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Book review: The Problem of Political Authority

Earlier in the year, I had a wonderful conversation on the doorstep with a lady who, like so many members of the public, despairs at the conduct of all politicians. I asked if she had followed my own actions and could give me a personal example. The truth was, as I expected and perfectly reasonably, that her views were formed by press reporting of the political battle amongst generals far above this foot-soldier’s level. The pattern is quite common. Increasing […]

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Book review: Karl Popper, Conjectures and Refutations

Karl Popper’s 582-page Conjectures and Refutations: The Growth of Scientific Knowledge seemed a daunting read. It need not have done: the essays within are written in plain English and a lively style. The central theme of the book is that our knowledge, our aims and our standards develop through trial and error: that is, by making conjectures and seeking their refutation. I was glad I read the book knowing Popper had turned from the so-called “scientific socialism” of Marxism. In […]

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Book review: Popper, All Life is Problem Solving

Karl Popper’s All Life is Problem Solving is a wonderful collection of his speeches and shorter writings in two parts: Questions of natural science and Thoughts on history and politics. I first discovered Popper through The Open Society and its Enemies, a vehement defence of democracy against totalitarianism. Many of the themes he explored there are naturally to be found in this much slimmer book. Two particular ideas are relevant today: the logic and evolution of scientific theory and his […]

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What Is Money? – Frederic Bastiat – Mises Daily

Anyone could do wonders if he could contrive to overcome all resisting influences, and if all mankind would consent to become soft wax in his fingers; but men are resolved not to be soft wax; they listen, applaud, or reject and — go on as before. via What Is Money? – Frederic Bastiat – Mises Daily.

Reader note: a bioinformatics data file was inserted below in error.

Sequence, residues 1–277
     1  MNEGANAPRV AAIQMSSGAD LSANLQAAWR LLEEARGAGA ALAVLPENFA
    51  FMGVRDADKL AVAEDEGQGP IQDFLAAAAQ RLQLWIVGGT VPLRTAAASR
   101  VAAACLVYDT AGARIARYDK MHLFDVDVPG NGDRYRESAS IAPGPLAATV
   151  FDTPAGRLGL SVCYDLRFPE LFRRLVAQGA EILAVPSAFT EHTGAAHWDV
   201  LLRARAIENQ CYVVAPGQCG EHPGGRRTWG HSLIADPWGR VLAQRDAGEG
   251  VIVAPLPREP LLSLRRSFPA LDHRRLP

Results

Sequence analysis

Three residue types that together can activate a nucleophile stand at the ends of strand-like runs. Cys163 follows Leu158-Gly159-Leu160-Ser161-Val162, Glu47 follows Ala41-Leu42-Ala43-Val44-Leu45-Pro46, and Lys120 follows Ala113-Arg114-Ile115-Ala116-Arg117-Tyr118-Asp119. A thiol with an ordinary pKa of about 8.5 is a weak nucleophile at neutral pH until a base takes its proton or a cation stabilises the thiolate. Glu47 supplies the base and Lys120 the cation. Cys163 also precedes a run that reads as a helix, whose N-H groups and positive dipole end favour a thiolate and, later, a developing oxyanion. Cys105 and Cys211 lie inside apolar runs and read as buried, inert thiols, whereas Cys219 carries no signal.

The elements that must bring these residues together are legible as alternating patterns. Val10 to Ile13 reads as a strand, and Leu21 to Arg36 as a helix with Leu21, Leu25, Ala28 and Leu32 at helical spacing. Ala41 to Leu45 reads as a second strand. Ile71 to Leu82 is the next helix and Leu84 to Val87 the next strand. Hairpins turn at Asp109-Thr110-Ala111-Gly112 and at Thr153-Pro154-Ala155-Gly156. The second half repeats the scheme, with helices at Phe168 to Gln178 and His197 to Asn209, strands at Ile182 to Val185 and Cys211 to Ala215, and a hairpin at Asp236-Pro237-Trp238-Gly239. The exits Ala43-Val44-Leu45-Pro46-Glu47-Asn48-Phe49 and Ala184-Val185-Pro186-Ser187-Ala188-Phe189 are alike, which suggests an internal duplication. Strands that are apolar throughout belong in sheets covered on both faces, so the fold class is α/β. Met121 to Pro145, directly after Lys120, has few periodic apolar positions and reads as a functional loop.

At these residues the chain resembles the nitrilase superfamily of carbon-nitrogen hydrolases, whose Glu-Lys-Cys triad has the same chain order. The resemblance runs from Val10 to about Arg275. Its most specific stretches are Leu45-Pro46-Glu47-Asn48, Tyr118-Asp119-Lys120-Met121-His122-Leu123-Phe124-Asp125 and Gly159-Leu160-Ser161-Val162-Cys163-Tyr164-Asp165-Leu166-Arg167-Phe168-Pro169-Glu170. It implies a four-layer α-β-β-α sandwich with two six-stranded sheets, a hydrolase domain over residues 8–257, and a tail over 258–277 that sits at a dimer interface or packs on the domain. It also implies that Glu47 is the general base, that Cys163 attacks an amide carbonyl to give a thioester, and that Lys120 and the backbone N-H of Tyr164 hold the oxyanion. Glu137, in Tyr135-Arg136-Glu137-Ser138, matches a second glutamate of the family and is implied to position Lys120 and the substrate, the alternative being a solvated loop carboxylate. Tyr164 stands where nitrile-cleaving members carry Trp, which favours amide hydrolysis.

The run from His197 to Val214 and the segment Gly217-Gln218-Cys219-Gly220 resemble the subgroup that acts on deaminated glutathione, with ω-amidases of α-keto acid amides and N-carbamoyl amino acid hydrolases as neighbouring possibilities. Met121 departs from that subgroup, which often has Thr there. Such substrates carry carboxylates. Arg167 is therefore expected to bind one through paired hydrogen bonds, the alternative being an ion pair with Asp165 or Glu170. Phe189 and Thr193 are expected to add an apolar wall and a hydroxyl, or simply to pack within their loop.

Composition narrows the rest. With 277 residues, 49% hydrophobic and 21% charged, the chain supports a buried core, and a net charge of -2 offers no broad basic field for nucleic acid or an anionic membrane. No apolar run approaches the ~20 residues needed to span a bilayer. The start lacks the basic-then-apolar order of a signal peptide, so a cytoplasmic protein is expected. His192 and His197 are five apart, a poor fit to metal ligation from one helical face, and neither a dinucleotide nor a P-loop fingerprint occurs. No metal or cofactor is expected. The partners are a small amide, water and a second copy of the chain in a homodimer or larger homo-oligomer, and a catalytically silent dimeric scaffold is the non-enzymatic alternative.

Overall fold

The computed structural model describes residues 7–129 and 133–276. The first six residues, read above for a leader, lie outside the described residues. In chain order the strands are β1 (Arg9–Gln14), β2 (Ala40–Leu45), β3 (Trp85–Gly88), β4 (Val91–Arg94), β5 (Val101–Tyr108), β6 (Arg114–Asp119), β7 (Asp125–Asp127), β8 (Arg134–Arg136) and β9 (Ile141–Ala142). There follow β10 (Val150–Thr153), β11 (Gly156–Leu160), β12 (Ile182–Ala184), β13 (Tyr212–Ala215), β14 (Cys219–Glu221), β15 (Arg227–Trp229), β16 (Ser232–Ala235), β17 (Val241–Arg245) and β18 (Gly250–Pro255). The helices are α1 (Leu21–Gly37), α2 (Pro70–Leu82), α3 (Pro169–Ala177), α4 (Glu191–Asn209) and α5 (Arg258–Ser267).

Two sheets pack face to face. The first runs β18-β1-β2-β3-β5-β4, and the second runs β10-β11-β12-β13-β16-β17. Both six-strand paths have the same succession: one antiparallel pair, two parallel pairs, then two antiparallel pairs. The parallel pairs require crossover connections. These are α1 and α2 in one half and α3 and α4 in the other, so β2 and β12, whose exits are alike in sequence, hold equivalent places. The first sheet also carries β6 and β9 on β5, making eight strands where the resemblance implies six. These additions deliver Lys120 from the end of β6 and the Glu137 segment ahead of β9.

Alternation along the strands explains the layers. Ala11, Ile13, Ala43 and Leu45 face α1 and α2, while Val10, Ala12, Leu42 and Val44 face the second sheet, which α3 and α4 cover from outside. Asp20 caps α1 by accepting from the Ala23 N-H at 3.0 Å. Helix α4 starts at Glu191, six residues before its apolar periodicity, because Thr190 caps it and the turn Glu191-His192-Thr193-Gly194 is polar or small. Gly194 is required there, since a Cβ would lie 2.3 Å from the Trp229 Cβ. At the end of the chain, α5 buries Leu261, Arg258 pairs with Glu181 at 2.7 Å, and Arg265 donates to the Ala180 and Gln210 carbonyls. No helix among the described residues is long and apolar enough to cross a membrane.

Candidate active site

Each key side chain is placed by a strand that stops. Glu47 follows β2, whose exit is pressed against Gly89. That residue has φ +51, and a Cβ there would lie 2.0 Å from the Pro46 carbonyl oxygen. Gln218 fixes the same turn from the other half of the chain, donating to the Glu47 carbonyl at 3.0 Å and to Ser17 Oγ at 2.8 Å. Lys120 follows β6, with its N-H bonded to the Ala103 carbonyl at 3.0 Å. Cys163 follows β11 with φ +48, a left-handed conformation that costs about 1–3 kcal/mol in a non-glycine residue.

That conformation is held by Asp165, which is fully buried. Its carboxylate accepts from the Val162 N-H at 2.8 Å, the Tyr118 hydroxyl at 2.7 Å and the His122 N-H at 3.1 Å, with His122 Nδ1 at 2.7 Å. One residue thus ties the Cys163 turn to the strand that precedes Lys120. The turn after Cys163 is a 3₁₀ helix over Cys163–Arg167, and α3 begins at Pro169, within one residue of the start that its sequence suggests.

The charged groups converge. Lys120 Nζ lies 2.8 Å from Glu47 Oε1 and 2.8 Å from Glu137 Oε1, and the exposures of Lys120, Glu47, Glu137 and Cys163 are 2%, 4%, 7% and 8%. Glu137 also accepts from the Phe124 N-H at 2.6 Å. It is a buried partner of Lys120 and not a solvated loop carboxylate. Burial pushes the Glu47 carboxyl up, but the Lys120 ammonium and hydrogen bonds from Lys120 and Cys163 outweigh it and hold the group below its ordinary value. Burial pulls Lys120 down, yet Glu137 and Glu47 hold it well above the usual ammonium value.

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Robust Political Economy and Realistic Idealism « Pileus

Via Robust Political Economy and Realistic Idealism « Pileus: What criterion should we use to evaluate political theories and the institutions they advocate? In my book Robust Political Economy, I argue that it is the criterion of ‘robustness’. Institutions that meet this criterion are those best placed to cope with fundamental constraints that arise from the human condition. The most important constraints are those of limited rationality (the Hayekian ‘knowledge problem’) and the recognition that human beings respond, at least to […]

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The Rise and Decline of the State

Brought forward. I just had cause to share this with a constituent in relation to the Kafkaesque nightmare they face. David Cameron has said that the era of big government has run its course. The foreword to our manifesto sets out the rotten state of Britain (see also Butler) and the change we offer: from big government to big society. What then is the history of big government? How did it come about? Has it run its course? Why has […]

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The altruistic individual in society

In preparation for an article to be published in the Autumn, I just reread The Open Society and Its Enemies – Volume 1: The Spell of Plato. The book traces mankind’s opposition to change and the consequent rise of the myth of destiny, technically, historicism: the belief that history unfolds according to laws which can be discovered. Popper argues that the strain of civilisation causes us to seek to return to a supposed harmonious state of nature, a heroic age […]

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Rothbard, The Ethics of Liberty

The Ethics of Liberty by Murray Rothbard is a difficult book to which few could subscribe in full. It is difficult partly because it is concerned only with ‘that subset of the natural law that develops the concept of natural rights, and that deals with the proper sphere of “politics,” i.e., with violence and non-violence as modes of interpersonal relations.’ The book is not concerned with the ethics of personal morality, simply ‘a political philosophy of liberty’. In confining itself […]

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Bastiat – The State

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This post originally appeared at The Cobden Centre. In the course of things, I had cause to quote Bastiat, a French classical liberal theorist, political economist, and member of the French assembly: “The state is the great fiction by which everyone seeks to live at the expense of everyone else.” This prompted me to dig out the original essay. As the UK’s national debt doubles and after a period within which QE was used, creating space in the market for […]

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Thought for the day: politics, debt and public choice

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A joke doing the rounds by email at the moment1: While walking down the street one day a Member of Parliament is tragically hit by a truck and dies. His soul arrives in heaven and is met by St Peter at the entrance. ‘Welcome to heaven,’ says St Peter, ‘Before you settle in, it seems there is a problem. We seldom see a high official around these parts, you see, so we’re not sure what to do with you.’ ‘No […]

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